For four-and-a-half enjoyable years I worked on The Happy Saver blog and podcast from my busy living room. Things often got too noisy, so I’d relocate to the bedroom, the spare room and even to the garage (not the warmest place to be during a Central Otago winter). As time went on I found myself getting up earlier and earlier so I could work in peace before the rest of my family appeared. This worked well, until it didn’t. I started daydreaming about my own dedicated creative space; a small purpose-built, warm and private room out in the garden that I could have all to myself. Ah, bliss!
My husband Jonny and I talked it through. We decided that the blog was clearly here to stay, so we might as well set aside both time and money to create a unique writing space. The idea of a DIY She Shed/Writing Studio/Home Office/Cabin/Garden Retreat was born.
Initially we looked around for a small, warm and portable office that we could just buy. We did locate a beautiful second-hand one but at $9,500 it was more than we wanted to spend. We also looked at hiring a relocatable cabin, which also cost a lot at $3,300 per year minimum. So we quickly ruled out both of these options.
Having remodelled an entire house before, Jonny and I are not new to a DIY project. We quickly started to research building the cabin ourselves because we had both the skills and the time. We had watched enough Tiny House videos to let us know that we could build quite cheaply. Just how cheaply we were not sure, so I set a preliminary budget in Pocketsmith of $1,500. I knew this was a best guess, but it was a starting point.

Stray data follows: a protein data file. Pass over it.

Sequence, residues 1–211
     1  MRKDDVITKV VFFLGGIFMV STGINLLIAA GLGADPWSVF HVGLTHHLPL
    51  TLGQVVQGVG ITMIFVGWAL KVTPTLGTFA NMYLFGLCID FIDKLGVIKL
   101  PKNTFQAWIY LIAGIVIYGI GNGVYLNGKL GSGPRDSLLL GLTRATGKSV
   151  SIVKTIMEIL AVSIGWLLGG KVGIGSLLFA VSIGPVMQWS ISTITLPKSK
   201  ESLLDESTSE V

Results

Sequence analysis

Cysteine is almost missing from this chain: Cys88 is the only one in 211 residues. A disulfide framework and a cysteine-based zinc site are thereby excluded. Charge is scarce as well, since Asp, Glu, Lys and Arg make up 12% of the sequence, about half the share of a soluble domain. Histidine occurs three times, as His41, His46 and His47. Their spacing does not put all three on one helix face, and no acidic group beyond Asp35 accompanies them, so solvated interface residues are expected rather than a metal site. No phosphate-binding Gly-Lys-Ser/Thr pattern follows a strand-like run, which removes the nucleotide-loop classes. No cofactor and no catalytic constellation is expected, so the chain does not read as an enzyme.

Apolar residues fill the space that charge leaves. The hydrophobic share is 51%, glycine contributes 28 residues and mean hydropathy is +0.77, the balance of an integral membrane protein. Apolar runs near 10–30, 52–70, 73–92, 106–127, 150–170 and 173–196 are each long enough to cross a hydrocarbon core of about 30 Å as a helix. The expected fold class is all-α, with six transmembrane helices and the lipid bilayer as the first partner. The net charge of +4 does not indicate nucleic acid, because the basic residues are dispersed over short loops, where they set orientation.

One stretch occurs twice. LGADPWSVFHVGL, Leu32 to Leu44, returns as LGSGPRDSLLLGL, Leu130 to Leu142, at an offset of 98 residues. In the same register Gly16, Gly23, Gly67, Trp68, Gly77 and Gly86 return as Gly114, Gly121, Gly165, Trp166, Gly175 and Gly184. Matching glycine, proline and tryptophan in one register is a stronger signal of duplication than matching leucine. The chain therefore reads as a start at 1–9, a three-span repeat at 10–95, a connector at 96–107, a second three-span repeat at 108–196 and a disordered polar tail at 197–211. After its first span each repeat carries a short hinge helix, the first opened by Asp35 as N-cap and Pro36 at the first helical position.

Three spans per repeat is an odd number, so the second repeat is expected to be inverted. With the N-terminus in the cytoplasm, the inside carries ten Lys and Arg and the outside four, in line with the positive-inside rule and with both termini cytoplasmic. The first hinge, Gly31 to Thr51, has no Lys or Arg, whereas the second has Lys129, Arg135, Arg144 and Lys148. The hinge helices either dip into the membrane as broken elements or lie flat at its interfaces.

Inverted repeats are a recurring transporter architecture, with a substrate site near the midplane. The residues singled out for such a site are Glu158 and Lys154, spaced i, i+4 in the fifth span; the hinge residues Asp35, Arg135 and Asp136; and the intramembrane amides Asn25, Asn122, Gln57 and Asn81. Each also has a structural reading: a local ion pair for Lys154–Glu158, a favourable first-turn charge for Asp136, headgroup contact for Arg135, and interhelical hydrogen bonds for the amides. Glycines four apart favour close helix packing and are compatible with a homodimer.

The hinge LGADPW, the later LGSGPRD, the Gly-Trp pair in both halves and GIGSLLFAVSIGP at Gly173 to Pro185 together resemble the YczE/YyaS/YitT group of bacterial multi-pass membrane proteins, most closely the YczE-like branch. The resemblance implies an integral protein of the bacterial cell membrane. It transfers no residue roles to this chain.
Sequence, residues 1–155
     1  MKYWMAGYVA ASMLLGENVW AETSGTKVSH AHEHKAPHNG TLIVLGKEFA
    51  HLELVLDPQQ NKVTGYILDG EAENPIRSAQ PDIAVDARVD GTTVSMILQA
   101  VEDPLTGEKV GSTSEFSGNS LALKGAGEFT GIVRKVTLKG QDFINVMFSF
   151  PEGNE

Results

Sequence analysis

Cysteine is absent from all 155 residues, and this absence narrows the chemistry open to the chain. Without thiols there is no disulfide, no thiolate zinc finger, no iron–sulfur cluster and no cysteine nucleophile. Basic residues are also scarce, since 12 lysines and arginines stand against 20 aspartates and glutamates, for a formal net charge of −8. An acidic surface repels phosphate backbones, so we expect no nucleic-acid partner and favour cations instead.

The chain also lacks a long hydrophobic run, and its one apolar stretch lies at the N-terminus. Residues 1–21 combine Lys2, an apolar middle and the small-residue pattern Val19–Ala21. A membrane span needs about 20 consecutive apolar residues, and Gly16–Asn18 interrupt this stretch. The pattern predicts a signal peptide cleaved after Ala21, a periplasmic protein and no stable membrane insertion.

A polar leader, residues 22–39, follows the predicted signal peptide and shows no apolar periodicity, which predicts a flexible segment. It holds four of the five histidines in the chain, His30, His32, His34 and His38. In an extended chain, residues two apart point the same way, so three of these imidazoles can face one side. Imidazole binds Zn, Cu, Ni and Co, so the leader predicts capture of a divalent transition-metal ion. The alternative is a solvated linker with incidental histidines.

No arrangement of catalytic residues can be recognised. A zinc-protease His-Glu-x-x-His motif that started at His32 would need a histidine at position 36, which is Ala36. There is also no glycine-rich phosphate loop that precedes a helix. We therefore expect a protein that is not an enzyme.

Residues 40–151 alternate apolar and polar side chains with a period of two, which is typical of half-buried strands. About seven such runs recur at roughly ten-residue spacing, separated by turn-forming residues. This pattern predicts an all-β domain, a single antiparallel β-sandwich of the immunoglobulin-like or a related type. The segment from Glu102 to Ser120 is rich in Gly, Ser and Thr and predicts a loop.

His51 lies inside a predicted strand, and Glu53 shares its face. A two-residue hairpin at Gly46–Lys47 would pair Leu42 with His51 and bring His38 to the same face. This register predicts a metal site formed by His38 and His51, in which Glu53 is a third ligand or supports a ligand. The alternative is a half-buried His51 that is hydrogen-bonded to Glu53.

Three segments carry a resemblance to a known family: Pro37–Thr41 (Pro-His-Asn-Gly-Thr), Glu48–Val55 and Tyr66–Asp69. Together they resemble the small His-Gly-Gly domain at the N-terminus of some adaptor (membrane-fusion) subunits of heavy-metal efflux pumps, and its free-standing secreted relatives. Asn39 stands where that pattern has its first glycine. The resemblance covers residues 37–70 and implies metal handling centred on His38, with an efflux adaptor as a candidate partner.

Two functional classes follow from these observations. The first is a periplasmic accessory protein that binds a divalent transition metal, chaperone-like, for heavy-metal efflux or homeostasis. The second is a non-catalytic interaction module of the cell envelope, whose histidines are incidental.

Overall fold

There were many key considerations for us to wrap our heads around before we even lifted a hammer because I know that any project can get out of hand if you fail to create a detailed plan.
I only wanted a small space that would serve two specific purposes:
We didn’t want to ask too much of this space, so we kept our brief very simple. After breaking out a few yoga moves to test the height, width and length of the space we settled on external floor dimensions of 1800cm x 2400cm, with a raked ceiling for extra height inside for my tree poses!
The dwelling is small enough to need no council sign off or permission from neighbors. It’s also small enough to be lifted onto a truck and taken with us if we ever relocate!
Jonny spent a couple of evenings on YouTube looking for videos that showed basic construction techniques and framing layout for small sheds. Based on that research he drew up a plan of how we would frame out our cabin and what materials we would need.
We chose to use full sheets of plywood, meaning less cutting and wastage. We wanted it to match our house, so we selected the same cladding materials and we found a spot in the yard that it would look great in.
He visited our local hardware store and asked for their advice about what would be the ideal materials for the job and we then went ahead with their suggestions. After all, they are the experts in building, not us!
From his research, Jonny was able to roughly work out how much framing timber, cladding, insulation, screws, nails and other building bits we would need and how much it would all cost.